If the thought of choosing an outfit for an upcoming holiday party induces a state of wardrobe panic, take a deep breath: Personal shoppers are here to help. Whether you’re shopping for black-tie, business casual or night-on-the-town outfits, these stylists are trained to uncover your inner fashion maven. “It really is one-stop shopping,” says Liliane Richa, one of two personal shoppers at Dillard’s in Beachwood. “You come in, and you have one person who gets to know everything about you — your likes, your needs, what your family likes, what your style is and, especially, what your budget is.” Personal shopping services are free and by appointment only:
Dillard’s: (216) 464-6000
Nordstrom: (216) 378-2121
Saks Fifth Avenue: (216) 292-0515
All three stores are at Beachwood Place, 26500 Cedar Road, Beachwood



2 Shopping

shoppingCabbage Patch Kids, Tickle Me Elmo, Xbox 360: All were once that “hot toy” of the holiday season. Sid Good, president of Cleveland-based Good Marketing, says there likely won’t be one “it toy” this year, but he expects Ganz’s Webkinz and Fisher Price’s Kid-Tough Digital Camera to continue to be hot come Christmas. So how do you land those hard-to-find toys? Good suggests asking children to write their holiday wish lists early, so there’s time to search out stores and the Internet for the best deals. If you want to wait for a sale, Good recommends doing your homework. “It’s important to keep track of what’s in stock and what companies are expecting reorders,” he says. Other toys on Good’s hot-list radar include Air Hogs by Spin Master, Hasbro FurReal Friends Butterscotch Pony and the Fisher Price Smart Cycle: Physical Learning System.

The Final Countdown
OK, guys (and, yes, we know you’re male if you’ve painted yourself into this gift-giving corner), you rolled your eyes when those early birds started their holiday shopping in September, but now, you’re 24 hours away from the big day and still have gifts to buy. Don’t worry, there is hope — even with two hours left.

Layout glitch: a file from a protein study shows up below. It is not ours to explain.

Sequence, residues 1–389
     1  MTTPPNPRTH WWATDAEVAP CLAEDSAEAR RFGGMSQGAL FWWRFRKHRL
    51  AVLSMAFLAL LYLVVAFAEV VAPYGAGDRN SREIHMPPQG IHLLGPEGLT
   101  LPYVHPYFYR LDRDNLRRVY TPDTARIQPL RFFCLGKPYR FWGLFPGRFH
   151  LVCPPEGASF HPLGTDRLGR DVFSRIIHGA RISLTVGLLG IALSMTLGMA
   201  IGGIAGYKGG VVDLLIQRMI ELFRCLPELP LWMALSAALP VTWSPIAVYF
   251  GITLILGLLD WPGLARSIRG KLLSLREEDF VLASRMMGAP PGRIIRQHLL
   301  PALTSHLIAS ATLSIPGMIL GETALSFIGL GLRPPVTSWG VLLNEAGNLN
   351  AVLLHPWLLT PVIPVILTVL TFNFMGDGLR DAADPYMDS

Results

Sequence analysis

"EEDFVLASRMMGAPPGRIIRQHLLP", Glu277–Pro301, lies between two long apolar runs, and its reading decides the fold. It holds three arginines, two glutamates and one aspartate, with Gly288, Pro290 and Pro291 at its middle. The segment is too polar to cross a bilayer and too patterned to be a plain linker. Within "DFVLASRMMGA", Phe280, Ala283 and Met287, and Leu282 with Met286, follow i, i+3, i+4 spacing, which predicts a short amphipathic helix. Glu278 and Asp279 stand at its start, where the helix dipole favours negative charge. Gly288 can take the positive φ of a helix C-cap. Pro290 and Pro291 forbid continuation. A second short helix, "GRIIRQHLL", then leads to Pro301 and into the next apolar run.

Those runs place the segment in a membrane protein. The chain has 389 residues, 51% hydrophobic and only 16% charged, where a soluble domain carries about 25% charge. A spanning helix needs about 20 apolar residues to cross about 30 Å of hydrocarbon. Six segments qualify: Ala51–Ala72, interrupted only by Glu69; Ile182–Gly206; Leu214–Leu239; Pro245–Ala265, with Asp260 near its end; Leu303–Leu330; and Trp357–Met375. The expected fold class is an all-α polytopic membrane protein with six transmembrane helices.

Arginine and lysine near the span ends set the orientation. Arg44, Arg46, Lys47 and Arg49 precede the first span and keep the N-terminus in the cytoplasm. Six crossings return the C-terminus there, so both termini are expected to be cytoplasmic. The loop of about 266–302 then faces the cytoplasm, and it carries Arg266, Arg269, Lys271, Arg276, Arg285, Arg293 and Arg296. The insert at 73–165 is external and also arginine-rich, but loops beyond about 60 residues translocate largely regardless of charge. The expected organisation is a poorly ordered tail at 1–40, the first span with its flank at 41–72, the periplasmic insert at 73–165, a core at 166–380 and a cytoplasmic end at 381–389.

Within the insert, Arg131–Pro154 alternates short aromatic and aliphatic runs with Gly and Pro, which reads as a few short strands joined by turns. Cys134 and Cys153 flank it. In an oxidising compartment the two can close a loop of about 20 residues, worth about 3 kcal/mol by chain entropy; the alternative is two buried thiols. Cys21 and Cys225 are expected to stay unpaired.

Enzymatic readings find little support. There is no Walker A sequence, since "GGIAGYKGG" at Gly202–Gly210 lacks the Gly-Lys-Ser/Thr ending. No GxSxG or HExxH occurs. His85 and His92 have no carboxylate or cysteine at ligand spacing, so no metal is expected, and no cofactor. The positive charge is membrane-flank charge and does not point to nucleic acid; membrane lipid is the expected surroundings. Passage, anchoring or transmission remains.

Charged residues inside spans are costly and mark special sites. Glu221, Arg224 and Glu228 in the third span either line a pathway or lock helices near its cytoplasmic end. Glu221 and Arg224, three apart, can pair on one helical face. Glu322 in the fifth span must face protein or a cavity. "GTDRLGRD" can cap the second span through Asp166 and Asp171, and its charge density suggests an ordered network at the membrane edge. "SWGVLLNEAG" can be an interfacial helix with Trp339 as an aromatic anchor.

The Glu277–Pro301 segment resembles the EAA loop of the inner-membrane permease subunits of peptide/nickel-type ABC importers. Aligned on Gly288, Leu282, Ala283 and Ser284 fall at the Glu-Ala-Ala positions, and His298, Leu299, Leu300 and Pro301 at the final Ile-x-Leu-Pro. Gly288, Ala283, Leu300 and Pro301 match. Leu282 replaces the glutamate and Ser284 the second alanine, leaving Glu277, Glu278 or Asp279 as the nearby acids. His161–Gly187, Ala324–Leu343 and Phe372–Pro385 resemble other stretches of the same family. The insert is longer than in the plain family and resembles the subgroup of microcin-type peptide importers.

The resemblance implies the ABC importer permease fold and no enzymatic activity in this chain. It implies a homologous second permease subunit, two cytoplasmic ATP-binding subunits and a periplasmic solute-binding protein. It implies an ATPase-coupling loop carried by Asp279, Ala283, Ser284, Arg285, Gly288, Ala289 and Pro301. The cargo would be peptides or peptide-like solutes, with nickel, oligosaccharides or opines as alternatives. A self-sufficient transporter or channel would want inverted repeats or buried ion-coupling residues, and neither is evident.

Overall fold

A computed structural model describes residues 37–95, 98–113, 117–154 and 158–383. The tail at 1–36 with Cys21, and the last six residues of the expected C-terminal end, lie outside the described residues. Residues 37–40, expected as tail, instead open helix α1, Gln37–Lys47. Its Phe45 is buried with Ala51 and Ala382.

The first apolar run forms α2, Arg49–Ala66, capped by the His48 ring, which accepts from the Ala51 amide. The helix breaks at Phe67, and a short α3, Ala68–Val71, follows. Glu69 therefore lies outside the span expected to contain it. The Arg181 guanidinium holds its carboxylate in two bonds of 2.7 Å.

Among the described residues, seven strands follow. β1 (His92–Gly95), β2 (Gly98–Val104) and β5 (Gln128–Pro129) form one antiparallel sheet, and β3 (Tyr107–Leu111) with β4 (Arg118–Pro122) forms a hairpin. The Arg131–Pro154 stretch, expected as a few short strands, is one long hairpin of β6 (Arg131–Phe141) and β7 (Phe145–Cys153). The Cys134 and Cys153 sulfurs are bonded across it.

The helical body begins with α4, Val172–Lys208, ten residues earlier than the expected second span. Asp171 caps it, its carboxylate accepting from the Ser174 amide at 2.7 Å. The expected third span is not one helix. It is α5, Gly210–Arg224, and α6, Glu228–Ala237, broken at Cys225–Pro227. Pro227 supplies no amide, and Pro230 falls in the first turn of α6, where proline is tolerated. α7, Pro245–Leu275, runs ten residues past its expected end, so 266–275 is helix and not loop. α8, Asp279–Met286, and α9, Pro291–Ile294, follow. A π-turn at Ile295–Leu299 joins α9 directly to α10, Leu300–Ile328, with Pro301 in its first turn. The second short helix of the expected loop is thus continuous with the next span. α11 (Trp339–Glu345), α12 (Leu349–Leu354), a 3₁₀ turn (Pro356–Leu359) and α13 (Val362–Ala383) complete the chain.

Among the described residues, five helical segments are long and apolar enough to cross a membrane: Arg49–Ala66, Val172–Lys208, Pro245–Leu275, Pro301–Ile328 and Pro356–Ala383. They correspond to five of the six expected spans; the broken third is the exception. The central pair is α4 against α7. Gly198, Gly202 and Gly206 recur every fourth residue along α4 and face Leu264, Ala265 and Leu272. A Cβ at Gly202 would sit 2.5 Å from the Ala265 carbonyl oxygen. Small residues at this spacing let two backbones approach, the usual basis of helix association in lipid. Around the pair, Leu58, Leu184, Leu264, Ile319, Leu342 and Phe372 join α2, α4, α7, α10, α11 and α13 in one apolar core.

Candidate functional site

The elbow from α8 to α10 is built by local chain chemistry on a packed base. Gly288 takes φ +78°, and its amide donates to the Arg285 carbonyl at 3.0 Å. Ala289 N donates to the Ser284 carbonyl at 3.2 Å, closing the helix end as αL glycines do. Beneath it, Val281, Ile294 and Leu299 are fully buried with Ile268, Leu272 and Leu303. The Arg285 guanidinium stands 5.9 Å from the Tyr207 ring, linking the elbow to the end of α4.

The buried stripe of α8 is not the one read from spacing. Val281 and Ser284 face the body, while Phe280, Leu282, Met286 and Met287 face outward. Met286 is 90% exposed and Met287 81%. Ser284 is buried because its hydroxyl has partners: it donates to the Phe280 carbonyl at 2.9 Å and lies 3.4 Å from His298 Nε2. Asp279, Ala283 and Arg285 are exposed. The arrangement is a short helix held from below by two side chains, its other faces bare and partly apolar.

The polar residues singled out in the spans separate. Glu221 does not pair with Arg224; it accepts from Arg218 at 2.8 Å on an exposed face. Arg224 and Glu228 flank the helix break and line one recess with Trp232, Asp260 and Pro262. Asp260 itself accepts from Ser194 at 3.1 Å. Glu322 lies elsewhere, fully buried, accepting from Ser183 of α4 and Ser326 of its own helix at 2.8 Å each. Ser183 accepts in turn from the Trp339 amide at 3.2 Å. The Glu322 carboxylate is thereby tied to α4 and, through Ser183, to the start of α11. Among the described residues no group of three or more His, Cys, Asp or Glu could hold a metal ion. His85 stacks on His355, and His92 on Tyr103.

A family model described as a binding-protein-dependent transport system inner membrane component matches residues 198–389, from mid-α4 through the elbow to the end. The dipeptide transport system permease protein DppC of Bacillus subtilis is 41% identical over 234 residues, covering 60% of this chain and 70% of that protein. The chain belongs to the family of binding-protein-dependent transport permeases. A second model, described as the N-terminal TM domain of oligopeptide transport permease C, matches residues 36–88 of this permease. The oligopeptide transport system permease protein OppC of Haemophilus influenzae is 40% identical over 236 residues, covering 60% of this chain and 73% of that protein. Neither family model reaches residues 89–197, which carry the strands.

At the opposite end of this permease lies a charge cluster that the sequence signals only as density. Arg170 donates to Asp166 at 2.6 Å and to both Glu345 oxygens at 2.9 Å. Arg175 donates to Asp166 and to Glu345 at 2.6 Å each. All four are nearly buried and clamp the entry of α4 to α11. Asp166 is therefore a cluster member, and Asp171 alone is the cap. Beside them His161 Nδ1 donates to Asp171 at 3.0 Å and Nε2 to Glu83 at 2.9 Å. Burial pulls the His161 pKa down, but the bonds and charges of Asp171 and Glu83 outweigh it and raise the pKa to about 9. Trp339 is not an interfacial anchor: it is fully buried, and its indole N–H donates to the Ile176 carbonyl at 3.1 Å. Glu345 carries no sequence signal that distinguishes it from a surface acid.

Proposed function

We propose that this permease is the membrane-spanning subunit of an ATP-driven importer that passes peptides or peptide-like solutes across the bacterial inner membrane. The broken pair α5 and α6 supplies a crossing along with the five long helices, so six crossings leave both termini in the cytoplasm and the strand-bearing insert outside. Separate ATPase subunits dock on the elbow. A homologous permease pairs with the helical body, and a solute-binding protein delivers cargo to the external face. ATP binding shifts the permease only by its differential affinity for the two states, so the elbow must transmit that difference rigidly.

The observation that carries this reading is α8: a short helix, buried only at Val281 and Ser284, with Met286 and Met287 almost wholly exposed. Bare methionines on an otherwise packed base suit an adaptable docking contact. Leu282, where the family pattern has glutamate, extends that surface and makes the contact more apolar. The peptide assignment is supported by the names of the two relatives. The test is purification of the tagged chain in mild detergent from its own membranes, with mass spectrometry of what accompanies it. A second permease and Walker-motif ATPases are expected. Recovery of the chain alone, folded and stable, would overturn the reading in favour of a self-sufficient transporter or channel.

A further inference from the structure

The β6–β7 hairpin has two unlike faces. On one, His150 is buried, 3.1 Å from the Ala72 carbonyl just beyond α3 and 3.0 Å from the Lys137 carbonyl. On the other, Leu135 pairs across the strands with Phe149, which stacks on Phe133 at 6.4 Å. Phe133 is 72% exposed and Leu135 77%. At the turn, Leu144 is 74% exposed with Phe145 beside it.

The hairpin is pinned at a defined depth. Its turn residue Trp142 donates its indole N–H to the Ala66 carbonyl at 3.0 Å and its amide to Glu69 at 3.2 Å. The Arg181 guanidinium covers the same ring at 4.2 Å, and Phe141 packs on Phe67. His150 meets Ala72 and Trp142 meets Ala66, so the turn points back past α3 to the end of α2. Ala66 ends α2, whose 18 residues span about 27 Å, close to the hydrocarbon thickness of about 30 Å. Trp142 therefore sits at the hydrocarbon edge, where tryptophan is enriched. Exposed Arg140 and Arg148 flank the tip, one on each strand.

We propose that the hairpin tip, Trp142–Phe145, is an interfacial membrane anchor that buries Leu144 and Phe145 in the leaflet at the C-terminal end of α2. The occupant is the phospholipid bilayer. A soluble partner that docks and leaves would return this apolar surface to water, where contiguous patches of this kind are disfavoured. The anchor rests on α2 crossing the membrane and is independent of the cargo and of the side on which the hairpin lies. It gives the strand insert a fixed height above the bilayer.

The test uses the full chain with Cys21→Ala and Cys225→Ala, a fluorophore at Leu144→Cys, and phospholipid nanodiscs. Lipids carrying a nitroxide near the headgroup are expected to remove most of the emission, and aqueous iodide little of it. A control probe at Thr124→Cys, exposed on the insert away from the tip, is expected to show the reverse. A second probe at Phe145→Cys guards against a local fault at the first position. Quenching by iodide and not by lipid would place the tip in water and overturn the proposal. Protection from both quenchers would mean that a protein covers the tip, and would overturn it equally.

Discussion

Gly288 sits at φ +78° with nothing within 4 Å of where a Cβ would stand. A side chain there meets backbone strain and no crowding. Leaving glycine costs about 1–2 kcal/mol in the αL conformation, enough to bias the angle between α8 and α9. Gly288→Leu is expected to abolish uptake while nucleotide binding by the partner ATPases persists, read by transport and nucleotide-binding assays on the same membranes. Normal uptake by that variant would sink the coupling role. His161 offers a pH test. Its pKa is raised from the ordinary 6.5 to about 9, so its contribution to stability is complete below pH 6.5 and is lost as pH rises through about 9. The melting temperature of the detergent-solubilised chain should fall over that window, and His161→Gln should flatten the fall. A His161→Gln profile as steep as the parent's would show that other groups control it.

Less than 24 hours left …With Giant Eagle stores open on Christmas Eve until 5 p.m., you have time to grab a fruit basket or bottle of wine. The stores also sell gift cards to more than 60 retailers and restaurants (and the purchases count toward the Fuel Perks discount-gas program).
Less than 12 hours left …Popular online retailers L.L. Bean, iTunes and Amazon offer e-mail gift certificates for online shopping. Just click, and within hours the gift is in your recipient’s e-mail inbox.
Less than 2 hours … No one will ever know you ordered the magazine subscription on Christmas Eve. Write a nice note inside a card announcing the gift (you’ll need some emergency holiday cards — do that now).

Black Friday Survival Guide
Thanksgiving is quickly turning into the day to give thanks for down coats and $300 LCD televisions. Black Friday is becoming Gray Thursday as people arrive by 6 p.m. Thanksgiving night, advertisements in hand, to wait in line for 11 hours to get the lowest prices of the season. If frostbite in the name of shopping is not your thing, opt for one of these strategies:
 Choose an alternative. Many anchor stores at Northeast Ohio malls, including Westfield’s SouthPark Center in Strongsville, open as early as
5 a.m., and the lines are much shorter than the big-box wait-a-thons. Often, door-buster sales and free gifts help sweeten the pot and get you in the holiday spirit. “It’s so fun to see all the hustle and bustle,” says SouthPark marketing director Andy Selesnik.
 Wait it out. “It’s really busy up until 9 a.m.,” Selesnik says. “Then the early crowds leave, and the people who slept in and enjoyed their morning get there at 11 a.m.” Around 6 p.m. is another slow period, he says.
 Decide whether you need to go early. Aurora Farms Premium Outlets’ holds an annual Midnight Madness event, where stores open for a straight 22 hours of sales. But here’s a secret: You may not have to show up at midnight to get what you want, according to Michele Rothstein, senior vice president of marketing at Chelsea Premium Outlets, Aurora Farms’ parent company. “If sales are the same throughout the whole weekend, there’s no difference between the sale at midnight and 8 p.m.” she says, but notes some stores do have extra specials for early shoppers.
 Draft a plan of attack. Since many stores and shopping centers post sales on their Web sites prior to the big day, make a list of where you want to hit and what you hope to buy at each, to make the most of your shopping time.

(Don’t) Shop Till You Drop